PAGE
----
European Identity Conference (EIC) expands further
Munich, May 27th 2010 – The European Identity Conference 2010, which drew to a close on May 7th, 2010, has further solidified its position as the premier event for IAM (Identity and Access Management) and GRC (Governance, Risk Management and Compliance). At the same time, the topic of Cloud Computing—with special emphasis on Cloud Security and Governance—has shifted even more into the limelight, also as a result of the Cloud 2010 conference that ran parallel to the EIC.
The four conference tracks offered user presentations, expert panels, and presentations by analysts from Kuppinger Cole covering the most significant topics in these fields. Further program highlights were provided in the form of key note speeches from leading industry experts such as Kim Cameron (Microsoft) and Gerry Gebel (Axiomatics), as well as from CIOs such as Peter Ligezinski, representing the Allianz Investment Bank, and Dr Rainer Janßen, representing Munich Re. As always, the focus was on trends and developments, their feasibility, and how they influence decision-making and planning in IT. The EIC 2010 once again provided invaluable practical information for corporate users.
The field of Cloud Computing is currently focused on the development of a strategy for a hybrid Cloud, namely the strategic link between internal and external IT infrastructures and the changes this will require in service management. A roadmap is additionally needed for managing risks and for governance in the Cloud.
Increasing emphasis is being placed on privacy, namely the protection of personal information. Within the framework of information governance, this topic must be of the highest importance. The introduction of the new identity card (neuer Personalausweis, or “nPA”) in Germany this November additionally raises the question of how to integrate the nPA into authentication strategies, especially for customers. Businesses should consider how they can limit the amount of information they request from customers – including through the use of new technologies—and thereby increase customer trust. In this case, less is often more.
Businesses should also look into the development of an enterprise-wide GRC strategy, a comprehensive approach to governance, risk management, and compliance without artificially separating the operational standpoint from the IT standpoint. This requires taking a fresh look at the corporate organization and defining an enterprise-level GRC architecture. A solid technical foundation in IT-GRC, however, is likewise necessary to enable the reliable and comprehensive identification and analysis of risks.
Another topic discussed at the EIC was convergence, which qualifies as one of the most important trends of the coming years, but for which an increasing number of practical applications are already available today. In this case, businesses must focus on context-based authentication and authorization, providing differentiated decisions based on the user’s location, the equipment being used, and the activity being performed. Another topic increasing in importance is “versatile authentication”, an approach that flexibly combines and uses a variety of modular authentication mechanisms. The integration of technologies is even advancing in established areas such as Enterprise Single Sign-On and Privileged Access Management (PAM).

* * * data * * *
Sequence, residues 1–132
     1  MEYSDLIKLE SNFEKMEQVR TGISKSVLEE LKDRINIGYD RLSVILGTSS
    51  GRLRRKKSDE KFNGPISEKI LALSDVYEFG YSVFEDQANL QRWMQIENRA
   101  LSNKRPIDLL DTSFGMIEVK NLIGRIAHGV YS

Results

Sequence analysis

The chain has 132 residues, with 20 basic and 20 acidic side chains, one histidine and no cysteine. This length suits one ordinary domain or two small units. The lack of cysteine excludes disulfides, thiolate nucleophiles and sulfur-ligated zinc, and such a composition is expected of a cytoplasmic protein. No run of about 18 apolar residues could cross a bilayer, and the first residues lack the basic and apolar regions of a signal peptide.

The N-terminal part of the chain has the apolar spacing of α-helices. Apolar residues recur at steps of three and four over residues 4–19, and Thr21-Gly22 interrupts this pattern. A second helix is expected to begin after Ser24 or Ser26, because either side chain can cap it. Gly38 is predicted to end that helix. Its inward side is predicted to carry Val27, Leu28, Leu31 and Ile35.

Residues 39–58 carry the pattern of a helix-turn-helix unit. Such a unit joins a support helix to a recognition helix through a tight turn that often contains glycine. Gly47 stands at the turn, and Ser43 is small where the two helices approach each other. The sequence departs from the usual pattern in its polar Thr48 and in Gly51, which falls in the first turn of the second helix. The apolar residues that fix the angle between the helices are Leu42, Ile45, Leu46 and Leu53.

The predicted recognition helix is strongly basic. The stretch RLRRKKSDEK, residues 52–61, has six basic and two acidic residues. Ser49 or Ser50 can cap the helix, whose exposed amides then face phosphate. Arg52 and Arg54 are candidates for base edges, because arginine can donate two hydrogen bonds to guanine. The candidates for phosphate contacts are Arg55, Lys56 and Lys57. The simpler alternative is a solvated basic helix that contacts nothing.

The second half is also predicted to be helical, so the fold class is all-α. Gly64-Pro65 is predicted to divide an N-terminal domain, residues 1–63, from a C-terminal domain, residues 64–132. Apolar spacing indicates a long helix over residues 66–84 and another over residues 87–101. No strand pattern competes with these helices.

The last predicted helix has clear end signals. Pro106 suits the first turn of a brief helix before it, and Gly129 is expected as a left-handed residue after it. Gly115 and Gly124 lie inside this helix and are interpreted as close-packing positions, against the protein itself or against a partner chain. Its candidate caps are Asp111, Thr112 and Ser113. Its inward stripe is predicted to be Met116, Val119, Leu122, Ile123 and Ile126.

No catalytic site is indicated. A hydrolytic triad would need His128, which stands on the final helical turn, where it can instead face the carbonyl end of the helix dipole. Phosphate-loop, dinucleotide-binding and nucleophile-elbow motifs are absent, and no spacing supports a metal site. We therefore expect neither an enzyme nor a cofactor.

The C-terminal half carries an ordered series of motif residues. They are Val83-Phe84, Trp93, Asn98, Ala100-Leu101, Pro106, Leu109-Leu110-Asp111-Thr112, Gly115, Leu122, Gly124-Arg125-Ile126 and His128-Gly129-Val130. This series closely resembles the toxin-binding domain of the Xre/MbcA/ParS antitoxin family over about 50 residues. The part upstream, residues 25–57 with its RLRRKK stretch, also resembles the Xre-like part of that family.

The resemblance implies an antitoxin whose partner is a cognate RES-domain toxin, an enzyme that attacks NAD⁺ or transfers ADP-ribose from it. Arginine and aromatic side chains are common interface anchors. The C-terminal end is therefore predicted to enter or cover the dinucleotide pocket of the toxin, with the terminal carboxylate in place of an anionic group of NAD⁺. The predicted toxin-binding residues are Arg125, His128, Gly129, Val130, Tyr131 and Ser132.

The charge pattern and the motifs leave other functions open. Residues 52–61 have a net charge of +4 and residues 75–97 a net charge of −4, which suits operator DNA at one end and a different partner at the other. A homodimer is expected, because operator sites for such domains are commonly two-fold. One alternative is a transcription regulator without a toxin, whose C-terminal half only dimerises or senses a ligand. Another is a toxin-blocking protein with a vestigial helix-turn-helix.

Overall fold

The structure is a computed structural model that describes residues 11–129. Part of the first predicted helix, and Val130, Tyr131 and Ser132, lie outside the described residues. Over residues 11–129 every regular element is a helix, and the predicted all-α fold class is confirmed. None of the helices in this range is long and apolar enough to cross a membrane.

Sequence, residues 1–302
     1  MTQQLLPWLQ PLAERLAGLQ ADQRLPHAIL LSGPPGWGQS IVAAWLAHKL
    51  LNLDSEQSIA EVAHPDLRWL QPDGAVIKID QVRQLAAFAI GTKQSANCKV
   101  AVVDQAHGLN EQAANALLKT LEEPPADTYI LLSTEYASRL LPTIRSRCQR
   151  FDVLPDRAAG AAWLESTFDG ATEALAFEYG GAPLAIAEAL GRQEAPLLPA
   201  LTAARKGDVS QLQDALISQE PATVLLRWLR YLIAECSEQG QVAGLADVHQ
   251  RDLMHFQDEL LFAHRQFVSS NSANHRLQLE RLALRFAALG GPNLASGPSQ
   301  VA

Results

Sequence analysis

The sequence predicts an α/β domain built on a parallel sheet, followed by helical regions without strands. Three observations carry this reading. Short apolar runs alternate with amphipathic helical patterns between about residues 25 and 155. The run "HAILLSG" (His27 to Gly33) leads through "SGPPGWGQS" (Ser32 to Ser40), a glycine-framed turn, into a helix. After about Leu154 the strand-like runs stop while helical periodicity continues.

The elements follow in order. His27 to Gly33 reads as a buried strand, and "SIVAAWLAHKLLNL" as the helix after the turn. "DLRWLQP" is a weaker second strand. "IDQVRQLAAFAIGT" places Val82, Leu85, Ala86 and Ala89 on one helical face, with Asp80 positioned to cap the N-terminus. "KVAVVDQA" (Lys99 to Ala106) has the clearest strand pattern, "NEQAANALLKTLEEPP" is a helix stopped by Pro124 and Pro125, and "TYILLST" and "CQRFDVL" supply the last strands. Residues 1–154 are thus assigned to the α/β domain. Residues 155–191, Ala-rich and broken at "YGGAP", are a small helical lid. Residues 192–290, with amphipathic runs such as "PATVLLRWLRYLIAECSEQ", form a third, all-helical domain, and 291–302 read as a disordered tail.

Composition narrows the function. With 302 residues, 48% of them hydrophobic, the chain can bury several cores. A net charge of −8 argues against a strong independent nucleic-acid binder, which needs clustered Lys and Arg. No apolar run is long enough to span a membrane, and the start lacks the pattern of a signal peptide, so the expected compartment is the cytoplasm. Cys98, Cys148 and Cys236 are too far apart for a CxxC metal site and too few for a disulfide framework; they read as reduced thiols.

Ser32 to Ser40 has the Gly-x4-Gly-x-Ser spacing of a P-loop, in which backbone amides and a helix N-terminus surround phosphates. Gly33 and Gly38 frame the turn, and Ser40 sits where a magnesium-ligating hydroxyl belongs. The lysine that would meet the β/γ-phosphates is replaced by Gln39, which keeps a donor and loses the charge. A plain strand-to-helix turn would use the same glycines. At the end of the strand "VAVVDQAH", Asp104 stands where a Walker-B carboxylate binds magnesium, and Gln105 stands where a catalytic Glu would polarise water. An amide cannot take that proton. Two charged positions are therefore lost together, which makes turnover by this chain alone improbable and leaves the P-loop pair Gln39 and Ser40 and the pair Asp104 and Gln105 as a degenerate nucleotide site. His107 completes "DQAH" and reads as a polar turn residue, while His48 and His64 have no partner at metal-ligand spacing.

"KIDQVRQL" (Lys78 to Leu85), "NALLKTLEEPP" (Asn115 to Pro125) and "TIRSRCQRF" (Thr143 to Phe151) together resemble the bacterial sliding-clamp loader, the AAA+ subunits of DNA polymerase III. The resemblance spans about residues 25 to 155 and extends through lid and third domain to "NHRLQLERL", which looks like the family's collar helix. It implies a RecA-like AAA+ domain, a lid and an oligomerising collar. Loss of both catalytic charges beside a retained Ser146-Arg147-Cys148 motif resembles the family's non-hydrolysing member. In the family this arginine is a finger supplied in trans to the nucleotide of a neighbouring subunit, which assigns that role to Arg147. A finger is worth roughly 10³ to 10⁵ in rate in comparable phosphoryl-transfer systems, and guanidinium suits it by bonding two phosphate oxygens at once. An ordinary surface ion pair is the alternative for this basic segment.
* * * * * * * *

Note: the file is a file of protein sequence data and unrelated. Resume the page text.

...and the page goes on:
Optimization is key to achieving as much as possible from tight IT budgets. Therefore, the featured topics at the EIC 2010 included the integration of Identity and Access Management with Access Governance technologies and the relatively simple and inexpensive introduction of PAM technologies to reduce risks arising from privileged users such as administrators, as well as new and flexible architectural models for IAM.
Finally, businesses need to pay even more attention to information security. According to Martin Kuppinger, the founder of Kuppinger Cole, “from the standpoint of both the decision-maker and the user, it’s the I in Information Technology that matters, not the T.” This issue covers important topics such as Information Rights Management (IRM), a field that has achieved a higher level of maturity, and Authentication, Authorization, and Information Security strategies to replace investments in targeted DLP (Data Leakage Prevention) solutions.
Despite the continued difficult economic conditions, the conference still succeeded in becoming even more prominent in 2010. Particularly positive was the greater-than-average increase in the number of corporate users attending the event. The conference, which attracted around 150 speakers and welcomed attendees from over 20 different countries, has firmly established itself as a truly international event.
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